Retired Bishop Edward U. Kmiec of Buffalo, N.Y., is seen in this 2004 photo. He died July 11, 2020, after a brief illness. He was 84. (CNS photo | Rebecca A. Horton via Western New York Catholic)
By Catholic News Service
BUFFALO, N.Y. (CNS) — Retired Bishop Edward U. Kmiec of Buffalo, the diocese’s 13th bishop, died peacefully just before midnight July 11, following a brief illness. He was 84.
Bishop Kmiec had been in declining health during the past several months, the diocese said in a July 12 statement.
Funeral plans have not yet been announced.
“We commend to our loving and merciful Lord the devoted soul of our brother, Bishop Edward Kmiec,” said Bishop Edward B. Scharfenberger of Albany, New York, who is apostolic administrator of the Buffalo Diocese.
“He served long and faithfully the church which he loved greatly as a priest and bishop, and as one who’s kindness, warm and pastoral spirit guided, comforted and revealed Christ to so many throughout his nearly 60 years of priesthood,” Bishop Scharfenberger said.
“We mourn his passing, but are also joyous in the sure knowledge that he is now with the One who motivated his life’s purpose and who has called this good and faithful servant home,” he added.
Bishop Kmiec headed the Buffalo Diocese from 2004 until his retirement in 2012. Before that, he was bishop of Nashville, Tennessee, from 1992 until his appointment to Buffalo. He was an auxiliary bishop of the Diocese of Trenton, New Jersey, from 1982 to 1992.
His tenure as Nashville’s bishop “was a time of growth of the Catholic community in middle Tennessee,” the Nashville Diocese said in a July 12 statement.
There was “not only an increase in the Catholic population but the establishment of new parishes and schools including Pope John Paul II High School in Hendersonville,” the diocese said. “He is remembered fondly as a shepherd and friend by many in the Diocese of Nashville. Bishop J. Mark Spalding has requested prayers for the repose of his soul and the souls of all the faithful departed. May he rest in peace.”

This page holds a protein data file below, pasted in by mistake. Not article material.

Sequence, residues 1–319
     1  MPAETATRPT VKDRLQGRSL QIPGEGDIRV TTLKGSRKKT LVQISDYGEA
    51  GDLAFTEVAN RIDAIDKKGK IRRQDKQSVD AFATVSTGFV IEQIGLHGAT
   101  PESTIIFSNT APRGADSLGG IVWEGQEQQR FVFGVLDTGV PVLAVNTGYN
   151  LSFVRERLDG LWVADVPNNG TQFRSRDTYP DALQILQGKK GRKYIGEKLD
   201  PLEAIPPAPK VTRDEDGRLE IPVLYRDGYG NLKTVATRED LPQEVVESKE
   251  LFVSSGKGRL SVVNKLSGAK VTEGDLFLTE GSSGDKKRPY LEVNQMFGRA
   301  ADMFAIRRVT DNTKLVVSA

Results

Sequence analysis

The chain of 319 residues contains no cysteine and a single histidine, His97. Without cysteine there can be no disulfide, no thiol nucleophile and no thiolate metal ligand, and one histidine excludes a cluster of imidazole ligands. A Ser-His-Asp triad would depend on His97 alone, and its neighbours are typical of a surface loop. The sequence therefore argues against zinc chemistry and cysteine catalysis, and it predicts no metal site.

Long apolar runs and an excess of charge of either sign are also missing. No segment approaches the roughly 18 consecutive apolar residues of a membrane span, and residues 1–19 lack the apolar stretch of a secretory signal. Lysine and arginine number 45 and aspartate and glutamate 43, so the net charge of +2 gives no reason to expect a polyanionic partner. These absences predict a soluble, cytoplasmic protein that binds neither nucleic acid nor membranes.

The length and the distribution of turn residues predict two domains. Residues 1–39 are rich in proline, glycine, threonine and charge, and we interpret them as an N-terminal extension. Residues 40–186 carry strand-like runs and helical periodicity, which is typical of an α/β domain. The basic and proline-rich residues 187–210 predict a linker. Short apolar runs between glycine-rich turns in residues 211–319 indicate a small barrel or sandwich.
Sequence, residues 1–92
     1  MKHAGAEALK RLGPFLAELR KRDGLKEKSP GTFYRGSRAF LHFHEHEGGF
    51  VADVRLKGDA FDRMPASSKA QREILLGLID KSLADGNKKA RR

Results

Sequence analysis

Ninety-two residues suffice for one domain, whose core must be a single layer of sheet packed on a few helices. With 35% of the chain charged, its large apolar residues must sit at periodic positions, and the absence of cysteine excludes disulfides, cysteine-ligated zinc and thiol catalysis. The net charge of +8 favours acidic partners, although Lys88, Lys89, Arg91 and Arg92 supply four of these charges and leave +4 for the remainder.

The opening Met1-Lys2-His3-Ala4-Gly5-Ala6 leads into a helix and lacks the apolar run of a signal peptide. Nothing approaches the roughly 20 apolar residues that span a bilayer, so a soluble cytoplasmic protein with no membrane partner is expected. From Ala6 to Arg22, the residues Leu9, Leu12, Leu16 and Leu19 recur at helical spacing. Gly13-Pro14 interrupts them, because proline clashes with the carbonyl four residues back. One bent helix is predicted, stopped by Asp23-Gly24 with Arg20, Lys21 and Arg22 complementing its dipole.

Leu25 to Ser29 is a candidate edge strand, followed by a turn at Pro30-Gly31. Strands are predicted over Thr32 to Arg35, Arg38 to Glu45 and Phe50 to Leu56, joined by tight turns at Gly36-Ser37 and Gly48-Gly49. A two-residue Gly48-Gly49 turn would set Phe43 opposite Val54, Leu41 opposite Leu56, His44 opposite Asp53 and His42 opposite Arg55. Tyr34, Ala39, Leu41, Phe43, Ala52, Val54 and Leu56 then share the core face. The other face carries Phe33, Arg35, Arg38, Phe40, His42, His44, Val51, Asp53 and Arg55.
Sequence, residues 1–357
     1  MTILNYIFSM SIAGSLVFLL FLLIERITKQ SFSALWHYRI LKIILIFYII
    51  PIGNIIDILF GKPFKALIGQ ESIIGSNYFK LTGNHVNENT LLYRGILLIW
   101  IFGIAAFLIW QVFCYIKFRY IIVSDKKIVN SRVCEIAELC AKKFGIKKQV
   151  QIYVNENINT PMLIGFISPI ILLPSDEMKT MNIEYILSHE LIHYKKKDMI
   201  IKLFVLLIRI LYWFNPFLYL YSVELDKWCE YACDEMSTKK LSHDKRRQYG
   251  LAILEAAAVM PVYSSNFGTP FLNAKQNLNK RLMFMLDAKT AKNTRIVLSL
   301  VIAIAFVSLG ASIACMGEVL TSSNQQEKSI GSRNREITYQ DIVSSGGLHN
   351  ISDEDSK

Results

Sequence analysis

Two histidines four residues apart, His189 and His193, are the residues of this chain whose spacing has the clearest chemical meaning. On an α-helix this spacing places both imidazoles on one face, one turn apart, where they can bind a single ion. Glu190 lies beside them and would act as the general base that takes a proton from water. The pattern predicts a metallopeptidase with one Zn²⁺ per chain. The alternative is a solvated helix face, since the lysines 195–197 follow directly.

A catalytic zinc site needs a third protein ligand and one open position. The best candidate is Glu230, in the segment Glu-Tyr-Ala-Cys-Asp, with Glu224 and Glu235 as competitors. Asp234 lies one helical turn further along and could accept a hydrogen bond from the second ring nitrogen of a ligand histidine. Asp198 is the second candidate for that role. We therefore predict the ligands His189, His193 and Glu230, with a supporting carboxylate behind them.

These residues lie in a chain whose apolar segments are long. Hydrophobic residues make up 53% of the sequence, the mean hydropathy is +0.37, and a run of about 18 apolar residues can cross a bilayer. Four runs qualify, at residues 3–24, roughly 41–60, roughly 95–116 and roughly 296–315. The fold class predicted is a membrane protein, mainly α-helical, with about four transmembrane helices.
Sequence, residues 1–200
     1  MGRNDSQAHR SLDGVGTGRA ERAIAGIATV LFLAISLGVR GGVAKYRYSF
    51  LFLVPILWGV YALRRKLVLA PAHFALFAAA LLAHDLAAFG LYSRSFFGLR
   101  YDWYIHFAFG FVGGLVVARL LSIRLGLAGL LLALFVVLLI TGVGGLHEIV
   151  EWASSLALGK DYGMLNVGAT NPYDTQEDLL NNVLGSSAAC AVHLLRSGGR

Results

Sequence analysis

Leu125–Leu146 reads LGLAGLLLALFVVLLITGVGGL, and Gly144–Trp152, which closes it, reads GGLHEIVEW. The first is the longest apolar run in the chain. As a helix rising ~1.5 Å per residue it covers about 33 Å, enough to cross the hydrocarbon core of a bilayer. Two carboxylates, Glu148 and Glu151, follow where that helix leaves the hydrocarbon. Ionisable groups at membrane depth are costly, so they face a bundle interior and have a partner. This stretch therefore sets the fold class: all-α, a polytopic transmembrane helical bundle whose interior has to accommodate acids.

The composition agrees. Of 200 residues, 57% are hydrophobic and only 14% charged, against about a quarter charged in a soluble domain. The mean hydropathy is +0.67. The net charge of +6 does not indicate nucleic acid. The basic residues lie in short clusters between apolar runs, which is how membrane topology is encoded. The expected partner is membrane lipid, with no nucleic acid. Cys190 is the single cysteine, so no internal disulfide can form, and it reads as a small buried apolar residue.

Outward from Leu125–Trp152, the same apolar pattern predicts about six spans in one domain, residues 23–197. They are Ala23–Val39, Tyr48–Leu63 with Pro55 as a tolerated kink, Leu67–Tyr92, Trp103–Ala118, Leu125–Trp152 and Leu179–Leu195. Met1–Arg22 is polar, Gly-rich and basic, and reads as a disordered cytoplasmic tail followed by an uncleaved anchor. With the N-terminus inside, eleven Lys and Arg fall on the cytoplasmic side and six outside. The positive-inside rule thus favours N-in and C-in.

Born June 4, 1936, in Trenton, New Jersey, Edward Urban Kmiec was the fifth of five children, all born in the United States, to Thecla Czupta Kmiec and John Kmiec, who immigrated to the United States from Poland before World War I.
In 1954, Edward Kmiec left the Trenton area to attend St. Charles College in Catonsville, Maryland, and later St. Mary’s Seminary in Baltimore, where he received his bachelor of arts degree in 1958. He was then sent to Rome for his theological studies, residing at the Pontifical North American College and attending the Pontifical Gregorian University.
He was ordained to the priesthood for Trenton Diocese at St. Peter’s Basilica in Rome Dec. 20, 1961, and his first Mass was celebrated at St. Peter’s in the Chapel of Our Lady of Czestochowa. He continued his studies and received his licentiate of sacred theology degree in 1962 from the Pontifical Gregorian University.
Upon returning to the United States in the summer of 1962, Bishop Kmiec served as associate pastor of St. Rose Parish in Belmar, New Jersey. In 1965, he was appointed secretary and master of ceremonies to Trenton Bishop George W. Ahr, whom he served in that capacity through 1980.
Bishop Kmiec was named a monsignor by St. Paul VI in 1977. On Nov. 3, 1982, he was ordained a bishop and served as an auxiliary bishop of the Diocese of Trenton from 1982 until he was named the 10th bishop of Nashville by St. John Paul II and was installed there Dec. 3, 1992.
On Aug. 12, 2004, St. John Paul named Bishop Kmiec to head the Buffalo Diocese. He was installed Oct. 28, 2004. On May 29, 2012, Pope Benedict XVI accepted Bishop Kmiec’s resignation; he was 75, the age at which bishops turn in their resignation to the pope. His successor was Bishop Richard J. Malone, who was installed as the 14th bishop of Buffalo Aug. 10, 2012; he resigned Dec. 4, 2019.
In retirement, Bishop Kmiec resided at the St. Joseph’s Cathedral rectory in Buffalo.
All of Bishop Kmiec’s siblings preceded him in death. He is survived by several nieces and nephews, as well as several grandnieces and grandnephews.